Local Plan 2036: Issues and Options Stage

Document Section 1. North Somerset Local Plan 2036: Issues and Options Document North Somerset Issues Q4. Do you agree with these or are there other challenges or issues which we have not included and how might the Local Plan address these? [View all comments on this section]
Comment ID 14590529//5
Respondent Persimmon Homes Severn Valley [View all comments by this respondent]
Response Date 10 Dec 2018
Comment

It is inappropriate to start with a premise that there is little scope for further growth due to the town being tightly constrained by Green Belt. There were over 7,000 homes built in Portishead between 2003 and 2012 many provided by Persimmon Homes and Charles Church.  Even though this included a number of new flats, 68% of the total housing stock in Portishead remains family homes of three or more bedrooms.  Families living in Port Marine and The Ashlands tend to be younger than average.  There is also a substantial number of children and young people living there. 

For example, in the Wards covered by Port Marine and The Ashlands, on average about 30% of the population is aged 0-15 compared with an average in North Somerset of 18%. A large proportion of these people will grow up in the town and will require housing in the future.

The most sustainable solution is to give them the opportunity to do that which will help retain employment in the town and support and benefit from the delivery of the railway line and new station. We note the intention is to consider residential development opportunities ‘particularly on previously developed land’.  This will inevitably lead to the continuing loss of existing employment sites in Portishead, conflict with the issue to ensure retention of sufficient employment opportunities with the town, adding unnecessarily to the need to ‘investigate opportunities for allocating land for employment on the edge of Portishead.’  However, given that there is an expectation that opportunities exist for employment land on the edge of Portishead, the principle of also investigating the opportunity for residential development also exists.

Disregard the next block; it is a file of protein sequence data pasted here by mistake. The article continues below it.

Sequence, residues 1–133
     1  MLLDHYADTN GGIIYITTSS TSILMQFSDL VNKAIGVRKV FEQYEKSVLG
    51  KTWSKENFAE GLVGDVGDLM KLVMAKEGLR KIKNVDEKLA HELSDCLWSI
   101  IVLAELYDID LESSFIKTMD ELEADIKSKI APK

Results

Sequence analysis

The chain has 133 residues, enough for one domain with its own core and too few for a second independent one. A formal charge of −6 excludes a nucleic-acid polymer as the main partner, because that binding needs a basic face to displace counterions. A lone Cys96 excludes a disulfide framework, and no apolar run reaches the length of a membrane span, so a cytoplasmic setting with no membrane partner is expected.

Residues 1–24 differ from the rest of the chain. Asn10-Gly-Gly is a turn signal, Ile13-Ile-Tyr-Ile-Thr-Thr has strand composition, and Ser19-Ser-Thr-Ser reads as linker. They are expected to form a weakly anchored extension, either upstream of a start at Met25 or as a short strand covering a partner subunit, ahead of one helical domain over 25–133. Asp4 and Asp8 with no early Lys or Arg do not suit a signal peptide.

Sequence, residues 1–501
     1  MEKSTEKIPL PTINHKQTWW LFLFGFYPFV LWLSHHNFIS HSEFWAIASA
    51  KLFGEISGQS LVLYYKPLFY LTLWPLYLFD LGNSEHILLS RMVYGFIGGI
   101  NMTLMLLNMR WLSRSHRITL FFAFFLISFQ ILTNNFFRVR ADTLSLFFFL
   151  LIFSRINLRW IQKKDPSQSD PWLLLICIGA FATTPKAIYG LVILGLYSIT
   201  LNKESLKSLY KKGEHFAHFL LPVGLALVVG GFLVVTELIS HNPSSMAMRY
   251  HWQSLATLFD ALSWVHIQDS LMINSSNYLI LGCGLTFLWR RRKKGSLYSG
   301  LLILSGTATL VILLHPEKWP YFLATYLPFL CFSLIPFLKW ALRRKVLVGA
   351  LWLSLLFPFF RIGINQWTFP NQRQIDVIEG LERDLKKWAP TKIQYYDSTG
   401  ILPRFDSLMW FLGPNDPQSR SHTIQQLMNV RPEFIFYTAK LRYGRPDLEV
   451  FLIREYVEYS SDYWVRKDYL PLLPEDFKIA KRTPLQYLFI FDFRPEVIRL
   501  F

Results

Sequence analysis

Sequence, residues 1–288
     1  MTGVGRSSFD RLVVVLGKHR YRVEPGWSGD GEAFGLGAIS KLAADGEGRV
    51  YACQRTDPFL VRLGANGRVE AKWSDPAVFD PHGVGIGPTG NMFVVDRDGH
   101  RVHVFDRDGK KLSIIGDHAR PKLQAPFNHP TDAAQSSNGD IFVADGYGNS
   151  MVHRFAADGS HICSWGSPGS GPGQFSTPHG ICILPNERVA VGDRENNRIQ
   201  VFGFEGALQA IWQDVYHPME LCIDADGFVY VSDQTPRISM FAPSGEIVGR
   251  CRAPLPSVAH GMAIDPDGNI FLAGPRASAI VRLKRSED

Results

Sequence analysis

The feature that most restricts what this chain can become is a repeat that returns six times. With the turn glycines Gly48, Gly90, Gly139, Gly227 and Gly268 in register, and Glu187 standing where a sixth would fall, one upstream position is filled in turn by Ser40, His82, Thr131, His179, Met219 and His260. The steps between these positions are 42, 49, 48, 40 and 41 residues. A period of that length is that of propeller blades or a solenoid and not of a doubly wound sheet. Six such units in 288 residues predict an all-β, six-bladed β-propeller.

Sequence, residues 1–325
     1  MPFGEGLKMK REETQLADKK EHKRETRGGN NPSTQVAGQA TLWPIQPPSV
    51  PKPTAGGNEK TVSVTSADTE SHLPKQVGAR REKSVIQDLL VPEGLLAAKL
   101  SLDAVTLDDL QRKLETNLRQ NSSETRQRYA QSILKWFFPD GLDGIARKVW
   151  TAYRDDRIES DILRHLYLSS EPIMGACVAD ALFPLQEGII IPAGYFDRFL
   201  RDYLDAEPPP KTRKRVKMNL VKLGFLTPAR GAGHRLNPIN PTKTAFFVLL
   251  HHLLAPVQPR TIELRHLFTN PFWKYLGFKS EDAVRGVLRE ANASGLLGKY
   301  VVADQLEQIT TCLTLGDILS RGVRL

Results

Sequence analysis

This suggests a sustainable mixed use extension to Portishead, which would include homes, jobs, open space, a primary school and a local centre and support for rail and highway improvements should also be tested. The opportunity for this exists on land south east of Portishead controlled by Persimmon Homes Severn Valley to achieve this. In addition this land also provides the opportunity to accommodate a new station and car park as a far more cost effective developer and landowner supported solution than the much delayed MetroWest proposal should this prove to be unviable and ultimately undeliverable.  

Notwithstanding that this is not considered, there is an inconsistency in the way Green Belt issues are addressed in the Issues and Options document, where at Clevedon there is the opportunity to consider small scale Green Belt amendments for residential development, but at Portishead, small scale Green Belt releases are limited to allocations for additional employment land.

SITE PLAN OF LAND OWNERSHIP EXTENT AT PORTISHEAD ATTACHED.

Summary
A sustainable mixed use extension to Portishead which would include homes, jobs, open space, a primary school and a local centre would represent an option for growth in this area. The opportunity for this exists on land south east of Portishead controlled by Persimmon Homes.
Attachments